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Alice joined the Department of English and Related Literature in 2012 as a Lecturer in Contemporary and Global Literature.
Alice studied for her BA, MPhil and PhD at the University of Cambridge at Girton and then Darwin College. She completed a postdoctoral research fellowship at the interdisciplinary Centre for Advanced Studies at the University of Nottingham. She has taught at Université Paris VII: Denis Diderot; Université Paris III: Sorbonne Nouvelle, and Cambridge.
Alice's research and teaching interests are in 20th and 21st century Anglophone literature. She has a particular interest in the areas of disability studies, medical humanities, literature and the body, cultural representations of disability and autobiographical fiction.
In 2013, Alice was one of ten academics chosen as ‘New Generation Thinkers’ by the Arts and Humanities Research Council and the BBC.
Alice works in the Modern Research School. She is a member of three interdisciplinary centres at York: the Centre for Modern Studies, the WHO-affiliated Centre for Global Health Histories and the Coma and Disorders of Consciousness Research Centre.
Her first book, Disability and Modern Fiction: Faulkner, Morrison, Coetzee and the Nobel Prize for Literature, was published by Palgrave Macmillan in 2012. Alice’s second book, Literature and Disability: Contemporary Critical Thought was published by Routledge in 2015.
Alice has also published journal articles and book chapters on African American literature, literature and disability theory, cultural representations of disability, autobiographical fiction, memory, and medical humanities. Alice worked with Professor Tobin Siebers from the University of Michigan to guest edit a special issue of the Journal of Literary and Cultural Disability Studies on the theme of disability and visual culture which was published in 2015.
In 2013, Alice was selected by the BBC and AHRC as one of the ten New Generation Thinkers. In this role, she has made broadcasts for BBC Radio 3’s arts and ideas programmes ‘Night Waves’ and ‘The Essay’, BBC Arts television, and given talks at the BBC’s Free Thinking Festival.
In 2014 Alice received funding from the Wellcome Trust funded Centre for Chronic Diseases and Disorders (C2D2) at York for research projects on memory in contemporary fiction and life writing, and a video installation on adolescent health. She is currently PI on two Wellcome Trust grants to support the Northern Network for Medical Humanities which aims to foster connections between universities, arts and health organisations in the north through a series of research workshops (2014-2016).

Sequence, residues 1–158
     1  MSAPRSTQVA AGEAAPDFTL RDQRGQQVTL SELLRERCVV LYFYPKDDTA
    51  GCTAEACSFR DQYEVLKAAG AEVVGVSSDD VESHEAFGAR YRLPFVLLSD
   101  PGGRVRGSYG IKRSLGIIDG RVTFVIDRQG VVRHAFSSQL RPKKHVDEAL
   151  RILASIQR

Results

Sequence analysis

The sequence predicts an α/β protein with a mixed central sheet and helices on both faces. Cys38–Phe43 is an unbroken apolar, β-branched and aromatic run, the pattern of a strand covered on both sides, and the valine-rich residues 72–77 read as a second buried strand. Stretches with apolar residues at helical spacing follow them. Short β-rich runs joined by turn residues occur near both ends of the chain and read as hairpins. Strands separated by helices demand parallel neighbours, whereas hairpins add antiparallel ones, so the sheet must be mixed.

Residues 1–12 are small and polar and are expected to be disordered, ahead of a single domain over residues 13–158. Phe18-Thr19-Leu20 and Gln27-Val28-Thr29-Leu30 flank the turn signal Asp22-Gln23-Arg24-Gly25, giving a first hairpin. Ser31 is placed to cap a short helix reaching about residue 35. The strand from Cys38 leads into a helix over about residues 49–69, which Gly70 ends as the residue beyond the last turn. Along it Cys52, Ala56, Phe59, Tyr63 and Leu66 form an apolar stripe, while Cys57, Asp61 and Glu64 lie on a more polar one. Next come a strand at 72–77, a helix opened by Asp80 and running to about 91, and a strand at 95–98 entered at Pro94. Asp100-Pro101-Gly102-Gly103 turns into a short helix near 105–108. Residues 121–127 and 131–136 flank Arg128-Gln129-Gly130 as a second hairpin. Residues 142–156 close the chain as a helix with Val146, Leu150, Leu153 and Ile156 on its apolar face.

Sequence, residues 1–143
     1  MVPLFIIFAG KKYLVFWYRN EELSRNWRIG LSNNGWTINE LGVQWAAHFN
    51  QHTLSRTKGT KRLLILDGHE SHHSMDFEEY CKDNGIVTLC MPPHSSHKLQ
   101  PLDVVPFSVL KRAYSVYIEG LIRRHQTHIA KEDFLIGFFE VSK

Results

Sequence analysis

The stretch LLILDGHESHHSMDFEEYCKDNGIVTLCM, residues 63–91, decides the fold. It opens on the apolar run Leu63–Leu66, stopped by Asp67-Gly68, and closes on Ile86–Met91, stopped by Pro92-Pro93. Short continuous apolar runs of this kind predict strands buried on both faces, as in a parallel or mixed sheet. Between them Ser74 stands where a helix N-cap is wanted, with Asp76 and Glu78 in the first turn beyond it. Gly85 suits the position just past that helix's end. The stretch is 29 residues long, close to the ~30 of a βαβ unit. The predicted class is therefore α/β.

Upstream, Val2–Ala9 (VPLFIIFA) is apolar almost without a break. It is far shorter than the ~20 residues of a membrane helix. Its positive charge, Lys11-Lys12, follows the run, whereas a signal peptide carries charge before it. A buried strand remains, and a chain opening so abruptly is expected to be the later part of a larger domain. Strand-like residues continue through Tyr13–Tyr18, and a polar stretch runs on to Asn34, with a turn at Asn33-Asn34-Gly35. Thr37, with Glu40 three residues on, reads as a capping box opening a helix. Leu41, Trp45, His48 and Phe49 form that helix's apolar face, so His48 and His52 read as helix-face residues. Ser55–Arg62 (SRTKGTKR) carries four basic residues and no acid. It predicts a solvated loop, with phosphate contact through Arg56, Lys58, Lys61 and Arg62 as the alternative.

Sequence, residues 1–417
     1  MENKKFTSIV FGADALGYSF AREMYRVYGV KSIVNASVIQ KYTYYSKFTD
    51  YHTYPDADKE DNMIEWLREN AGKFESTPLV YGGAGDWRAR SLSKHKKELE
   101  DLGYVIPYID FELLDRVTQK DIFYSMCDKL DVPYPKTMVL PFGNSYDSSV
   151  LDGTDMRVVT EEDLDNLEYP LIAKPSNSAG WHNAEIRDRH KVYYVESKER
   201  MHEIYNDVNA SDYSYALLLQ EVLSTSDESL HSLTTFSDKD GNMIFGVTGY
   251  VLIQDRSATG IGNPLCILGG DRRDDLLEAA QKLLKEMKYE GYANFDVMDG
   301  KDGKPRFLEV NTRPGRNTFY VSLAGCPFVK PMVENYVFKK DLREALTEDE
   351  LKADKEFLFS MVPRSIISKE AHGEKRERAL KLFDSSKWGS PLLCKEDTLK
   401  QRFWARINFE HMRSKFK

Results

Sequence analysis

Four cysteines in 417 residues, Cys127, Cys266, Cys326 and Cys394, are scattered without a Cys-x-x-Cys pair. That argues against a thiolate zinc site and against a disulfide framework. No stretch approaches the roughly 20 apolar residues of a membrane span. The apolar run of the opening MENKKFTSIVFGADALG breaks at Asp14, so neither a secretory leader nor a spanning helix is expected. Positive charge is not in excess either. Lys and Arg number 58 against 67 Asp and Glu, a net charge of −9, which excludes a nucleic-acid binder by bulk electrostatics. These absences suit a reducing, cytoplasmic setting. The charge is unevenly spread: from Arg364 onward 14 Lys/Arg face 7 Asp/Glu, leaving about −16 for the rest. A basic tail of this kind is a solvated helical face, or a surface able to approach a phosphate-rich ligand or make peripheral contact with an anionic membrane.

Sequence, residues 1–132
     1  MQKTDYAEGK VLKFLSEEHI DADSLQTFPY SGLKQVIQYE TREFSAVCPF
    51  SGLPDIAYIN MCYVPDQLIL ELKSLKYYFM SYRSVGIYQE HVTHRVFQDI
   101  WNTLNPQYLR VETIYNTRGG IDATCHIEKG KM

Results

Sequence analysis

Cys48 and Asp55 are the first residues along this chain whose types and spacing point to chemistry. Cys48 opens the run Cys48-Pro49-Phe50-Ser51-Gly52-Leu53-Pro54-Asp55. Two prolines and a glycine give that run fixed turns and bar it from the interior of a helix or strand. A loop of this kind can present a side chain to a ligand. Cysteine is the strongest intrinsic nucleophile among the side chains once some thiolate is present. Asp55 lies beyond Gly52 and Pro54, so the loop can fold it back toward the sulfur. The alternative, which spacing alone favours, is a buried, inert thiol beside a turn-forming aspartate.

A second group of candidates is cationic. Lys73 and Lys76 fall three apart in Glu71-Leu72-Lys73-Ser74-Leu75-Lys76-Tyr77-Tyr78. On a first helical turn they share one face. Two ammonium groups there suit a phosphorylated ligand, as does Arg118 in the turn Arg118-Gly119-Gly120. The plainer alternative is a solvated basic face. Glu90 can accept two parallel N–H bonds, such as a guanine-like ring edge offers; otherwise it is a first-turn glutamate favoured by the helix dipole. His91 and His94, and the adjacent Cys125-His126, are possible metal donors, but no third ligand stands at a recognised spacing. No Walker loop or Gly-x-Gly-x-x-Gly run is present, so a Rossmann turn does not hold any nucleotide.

Alice welcomes enquiries from potential PhD students interested in pursuing doctoral work in twentieth and twenty-first century Anglophone literature and culture, in relation to any of her particular areas of interest.
Literature and Disability: Contemporary Critical Thought. London and New York: Routledge, 2015.
Disability and Modern Fiction: Faulkner, Morrison, Coetzee and the Nobel Prize for Literature. Basingstoke: Palgrave Macmillan, 2012.
Guest editor of Journal of Literary and Cultural Disability Studies special issue on “Disability and Visual Culture” with Professor Tobin Siebers. Liverpool University Press, 2015.
Journal Articles and Book Chapters
“Zip Zip My Brain Harts: Disability, Photography and Auto/Biography.” Journal of Literary and Cultural Disability Studies. 9.3 (2015): 265-276.
“Representing Chronic Disorders of Consciousness: The Problem of Voice in Allende’s Paula.” Literature and Medicine. 32.1 (2014): 133-147.
“Visualising Disability: Conflict, Culture, and Photojournalism.” Changing Social Attitudes to Disability: Perspectives from Historical, Cultural and Educational Studies. Ed. David Bolt. London: Routledge, 2014.
“Ageing and Autobiography: Coetzee’s Diary of a Bad Year and Roth’s Exit Ghost.” Philip Roth and World Literature: Transatlantic Perspectives and Uneasy Passages. Ed. Velichka Ivanova. New York: Cambria Press, 2014.
“Autre-Biography: Disability and Life Writing in Coetzee’s Later Works.” Journal of Literary and Cultural Disability Studies 6.1 (2012): 53-67.
“Fiction and Faction: Narrating the Self in Writing for Teenage Readers.” Teenagers and Reading: Literary Heritages, Cultural Contexts and Contemporary Reading Practices. Ed. Jacqueline Manuel, and Sue Brindley. Kent Town: Wakefield Press, 2012.
“An Unfinished Portrait: Biography and Portraiture in Toni Morrison’s Writing.” Interdisciplinary Humanities. Special issue. Ed. Susan Morris. Fall (2011): 44-55.
“No Place Like Home: Journeying in Toni Morrison’s Writing.” [Inter]Sections 16.4 (2011).
Alice convenes the third year special module, ‘The Body in Modern American Fiction and Culture’. She also lectures and teaches on the Global Literatures, Translations and Key Concepts first year modules.
At MA level, Alice convenes the ‘Writing the Body’ option module. She also contributes to the teaching on the core courses for the MA in Global Literature and Culture and the MA in Modern and Contemporary Literature and Culture.
She has recently taken part in public engagement events at Cardiff Book Talk and the BBC Free Thinking Festival at the Sage in Gateshead. As one of ten New Generation Thinkers selected by the AHRC and BBC in 2013, Alice has made broadcasts about her research for BBC Radio 3’s ‘Night Waves’ and ‘The Essay’, and for BBC Arts television.
She is part of a multidisciplinary group of researchers from the University of York who put together the ‘3Sixty: Jane’s Story’ installation on adolescent health and is currently involved in a project on Poetry and Illness that was included in York’s Festival of Ideas.